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Review: Ricmotech G27 v2 Load Cell

Discussion in 'Sim Racing Hardware' started by AussieStig, Sep 2, 2015.

  1. Screen Shot 2015-09-01 at 17.21.49.png

    As a fan of all things immersive, I like to try new things out in order to get the most realistic experience possible from my equipment. So I contacted Frank Rico to see if I could organise one of his D.I.Y. v2 load cell kits for the Logitech G25 and G27. Happily, he consented and speedily shipped me a review model to test for you here.

    Brake Pedal

    Probably one of the most important pieces of equipment in anyone’s sim racing set up is a good brake pedal. There are sim racers that swear by their hydraulic or load cell equipped pedal sets and others whom are just as content racing with a standard spring loaded pedal. Some of the fastest sim racers achieve alien times using bog standard equipment! So why a load cell? If you are into immersion as much as I am, a load cell can be a cost effective way to mimic the feel of a real world hydraulic brake and give you the immersion you are looking for.

    D.I.Y. Kit

    So what’s in this D.I.Y. kit? Basically, everything you need to install the load cell mod is included in one small box, printed detailed instructions, load cell, PCB, spring with rubber stopper and three rip ties. Pictured, but not included is the drilled top half of my G27’s brake piston. Although there is no soldering involved in installing this mod, I still see it as a true D.I.Y. project. There are aspects that might put some people off, while others such as myself will really enjoy changing things up. So to each their own I say!



    As with previous reviews, I like to begin by showing you guys which tools are required to enable you to install this load cell mod.


    Pictured from left to right are, Allen key 2,5mm, Small Side Cutters, Scribe or pointy metal implement, Stanley Knife, Ruler, Needle Nosed Pliers and a small and large Philips Head Screwdriver. Not pictured, but very handy to have at the ready is a small dish or container to deposit all those removed screws.


    Included in the D.I.Y. kit is a comprehensive printed instruction sheet, pictorially depicted with accompanying text. Alternatively you may like to view Ricmotech’s YouTube installation video which has some handy tips and hints included. I went ahead and read through the instructions before installing the mod, which in themselves are perfectly adequate. However, I ended up using the video as a reference for my install.

    Disassembling The G27’s Pedals

    The best way to prepare the G27 pedals for this mod is to have an old shoebox or similar to cradle the G27 pedals in an inverted position. This allows you to remove all of the 14 silver and 12 black screws from the underside of the base. Prior to this you will have to remove the brake pedal face from the pedal arm using a 2,5mm allen key.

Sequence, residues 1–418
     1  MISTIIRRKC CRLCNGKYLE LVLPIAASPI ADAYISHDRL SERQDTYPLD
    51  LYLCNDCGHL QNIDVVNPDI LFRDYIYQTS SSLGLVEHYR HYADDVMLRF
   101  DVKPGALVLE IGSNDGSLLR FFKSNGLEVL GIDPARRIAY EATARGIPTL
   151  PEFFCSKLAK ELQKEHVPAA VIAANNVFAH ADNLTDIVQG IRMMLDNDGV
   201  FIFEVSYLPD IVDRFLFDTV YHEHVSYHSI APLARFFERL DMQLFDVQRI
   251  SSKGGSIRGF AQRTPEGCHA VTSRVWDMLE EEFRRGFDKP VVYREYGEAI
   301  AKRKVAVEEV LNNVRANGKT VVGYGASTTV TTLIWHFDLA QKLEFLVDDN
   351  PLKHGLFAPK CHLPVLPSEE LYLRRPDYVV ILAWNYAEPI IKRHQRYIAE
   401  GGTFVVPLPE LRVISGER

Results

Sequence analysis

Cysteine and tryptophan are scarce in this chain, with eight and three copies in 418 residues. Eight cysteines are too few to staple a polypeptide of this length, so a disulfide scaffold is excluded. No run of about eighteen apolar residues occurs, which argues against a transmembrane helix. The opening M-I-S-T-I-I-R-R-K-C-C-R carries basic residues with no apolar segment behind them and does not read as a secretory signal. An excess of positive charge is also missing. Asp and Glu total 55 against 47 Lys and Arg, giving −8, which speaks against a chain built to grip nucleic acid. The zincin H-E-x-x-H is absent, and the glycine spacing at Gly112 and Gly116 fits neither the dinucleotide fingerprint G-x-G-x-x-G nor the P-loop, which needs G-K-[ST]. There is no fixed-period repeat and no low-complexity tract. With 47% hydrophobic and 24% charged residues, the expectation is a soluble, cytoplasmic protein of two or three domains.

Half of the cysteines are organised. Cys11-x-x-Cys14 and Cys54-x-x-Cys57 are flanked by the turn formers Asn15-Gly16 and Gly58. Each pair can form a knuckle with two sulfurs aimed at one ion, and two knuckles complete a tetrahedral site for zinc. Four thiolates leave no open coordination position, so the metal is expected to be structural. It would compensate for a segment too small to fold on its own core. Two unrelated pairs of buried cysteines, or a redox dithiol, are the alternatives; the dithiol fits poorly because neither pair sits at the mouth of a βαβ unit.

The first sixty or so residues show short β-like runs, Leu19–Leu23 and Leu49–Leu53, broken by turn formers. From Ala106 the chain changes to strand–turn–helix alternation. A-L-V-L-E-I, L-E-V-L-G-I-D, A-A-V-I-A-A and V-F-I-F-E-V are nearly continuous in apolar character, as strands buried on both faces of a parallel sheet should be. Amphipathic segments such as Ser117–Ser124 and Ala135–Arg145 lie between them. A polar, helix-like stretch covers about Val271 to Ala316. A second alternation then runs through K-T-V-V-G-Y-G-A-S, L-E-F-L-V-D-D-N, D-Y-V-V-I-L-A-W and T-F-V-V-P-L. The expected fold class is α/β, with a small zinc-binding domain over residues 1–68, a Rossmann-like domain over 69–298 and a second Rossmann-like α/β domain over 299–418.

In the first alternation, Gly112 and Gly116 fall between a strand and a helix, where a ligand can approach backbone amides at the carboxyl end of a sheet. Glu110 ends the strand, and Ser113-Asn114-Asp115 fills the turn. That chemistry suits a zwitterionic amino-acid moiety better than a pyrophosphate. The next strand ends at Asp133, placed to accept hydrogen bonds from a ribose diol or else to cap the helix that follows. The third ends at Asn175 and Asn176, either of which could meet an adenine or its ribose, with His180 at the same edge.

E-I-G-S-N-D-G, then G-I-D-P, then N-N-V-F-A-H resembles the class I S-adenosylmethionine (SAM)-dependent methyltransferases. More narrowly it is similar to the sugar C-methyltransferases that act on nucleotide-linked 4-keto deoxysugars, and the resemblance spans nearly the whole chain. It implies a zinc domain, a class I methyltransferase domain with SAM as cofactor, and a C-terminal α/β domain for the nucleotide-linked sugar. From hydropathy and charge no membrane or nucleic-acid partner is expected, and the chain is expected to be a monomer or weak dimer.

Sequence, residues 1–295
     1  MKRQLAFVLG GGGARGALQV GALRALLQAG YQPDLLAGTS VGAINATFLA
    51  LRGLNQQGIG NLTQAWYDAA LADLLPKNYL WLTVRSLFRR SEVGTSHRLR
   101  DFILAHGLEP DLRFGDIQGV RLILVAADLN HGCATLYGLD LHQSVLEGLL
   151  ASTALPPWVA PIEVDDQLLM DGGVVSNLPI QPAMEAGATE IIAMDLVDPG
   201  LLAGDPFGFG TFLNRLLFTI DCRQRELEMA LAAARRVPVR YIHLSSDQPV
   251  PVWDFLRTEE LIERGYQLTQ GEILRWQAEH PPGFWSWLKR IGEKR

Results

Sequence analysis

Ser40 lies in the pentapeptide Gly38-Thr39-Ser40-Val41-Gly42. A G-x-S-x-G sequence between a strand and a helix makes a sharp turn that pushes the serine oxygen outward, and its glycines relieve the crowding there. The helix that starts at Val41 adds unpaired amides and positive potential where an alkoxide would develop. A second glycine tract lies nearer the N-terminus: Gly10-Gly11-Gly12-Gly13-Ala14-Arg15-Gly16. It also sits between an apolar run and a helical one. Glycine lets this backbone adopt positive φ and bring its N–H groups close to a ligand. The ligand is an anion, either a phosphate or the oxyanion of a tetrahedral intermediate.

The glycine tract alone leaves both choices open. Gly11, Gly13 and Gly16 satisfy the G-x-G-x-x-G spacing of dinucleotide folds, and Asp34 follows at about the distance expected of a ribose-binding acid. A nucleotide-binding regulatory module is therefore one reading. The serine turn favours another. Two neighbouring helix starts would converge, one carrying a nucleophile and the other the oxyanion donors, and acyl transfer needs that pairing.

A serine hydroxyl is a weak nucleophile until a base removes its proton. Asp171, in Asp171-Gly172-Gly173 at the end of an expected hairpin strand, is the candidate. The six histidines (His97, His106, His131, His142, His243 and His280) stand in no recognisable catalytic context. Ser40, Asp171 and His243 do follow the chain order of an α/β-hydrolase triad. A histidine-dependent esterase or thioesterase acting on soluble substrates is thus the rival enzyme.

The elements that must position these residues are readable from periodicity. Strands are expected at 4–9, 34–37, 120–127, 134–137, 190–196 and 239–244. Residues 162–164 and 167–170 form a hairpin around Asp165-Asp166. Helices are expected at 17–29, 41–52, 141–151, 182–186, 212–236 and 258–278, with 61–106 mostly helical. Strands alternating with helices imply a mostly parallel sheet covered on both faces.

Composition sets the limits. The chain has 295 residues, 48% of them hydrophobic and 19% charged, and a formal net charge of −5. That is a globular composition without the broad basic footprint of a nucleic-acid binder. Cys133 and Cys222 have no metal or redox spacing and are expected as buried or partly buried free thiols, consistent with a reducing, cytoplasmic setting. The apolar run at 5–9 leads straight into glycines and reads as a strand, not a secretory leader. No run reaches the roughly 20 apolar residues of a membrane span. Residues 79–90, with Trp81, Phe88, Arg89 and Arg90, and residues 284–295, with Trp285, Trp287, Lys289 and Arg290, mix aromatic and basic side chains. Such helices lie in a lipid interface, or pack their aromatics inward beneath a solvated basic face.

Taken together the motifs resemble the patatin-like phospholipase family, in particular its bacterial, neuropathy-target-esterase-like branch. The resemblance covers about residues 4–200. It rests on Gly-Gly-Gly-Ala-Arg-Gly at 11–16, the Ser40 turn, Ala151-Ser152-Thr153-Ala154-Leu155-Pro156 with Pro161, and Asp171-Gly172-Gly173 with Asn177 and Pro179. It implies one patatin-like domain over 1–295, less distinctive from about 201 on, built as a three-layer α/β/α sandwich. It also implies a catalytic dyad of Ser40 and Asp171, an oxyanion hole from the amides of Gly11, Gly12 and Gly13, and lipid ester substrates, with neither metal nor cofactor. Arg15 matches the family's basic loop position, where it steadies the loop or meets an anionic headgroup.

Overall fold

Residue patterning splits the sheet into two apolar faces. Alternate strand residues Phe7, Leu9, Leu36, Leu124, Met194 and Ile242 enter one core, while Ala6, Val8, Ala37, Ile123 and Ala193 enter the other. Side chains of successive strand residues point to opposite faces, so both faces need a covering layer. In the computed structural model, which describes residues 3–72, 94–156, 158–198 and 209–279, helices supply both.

A word of caution, handle the brake assembly with care when removing it from the housing. The wiring is quite delicate and easily damaged. In addition to this, when removing the clips from the potentiometer it is extremely important to exercise restraint whilst using your needle nosed pliers to grip the clips and gently remove them from their respective positions.


    Load Cell Installed

    With the load cell installed in the top half of the piston and the wire routed through the previously drilled 5mm hole, it was time to reassemble the brake assembly and get it back into the base.


    The next step was to attach the new PCB and wiring to the existing potentiometer clips. Be sure to follow the colour sequence for reattaching the wires and clips. not forgetting to re-attach the ground wire to the side of the brake assembly by means of a small grub screw which was removed earlier during disassembly. Now follow this step by peeling off the self-adhesive backing and positioning the new PCB within the top section of the G27’s housing. Here is where I deviated slightly from the instructions and decided to have the PCB sitting slightly proud of the plastic moulding as can be seen here in the photo below.


    This allowed me to have the wires which originated from the load cell itself, exit the PCB at a natural angle and loop back around to the self-adhesive side of the PCB. Here I firmly pressed the main wire into the self-adhesive material. This gave me a little more peace of mind that once everything was buttoned up, the wires were not going to move around and put pressure on the PCB’s connection point.

    Additionally, I opted to swap the previously installed GTEYE springs out. What was the brake spring is now doing duty as a clutch spring and the clutch spring now regulates my throttle pedal. Because of the extra leverage I achieve with my seating position this turned out to be a good decision giving me the right amount of resistance in the other two pedals. Now with the tie rips holding the rest of the wiring at bay, it was time to close up the base and get it back on my rig.

    All Back Together And Ready To Go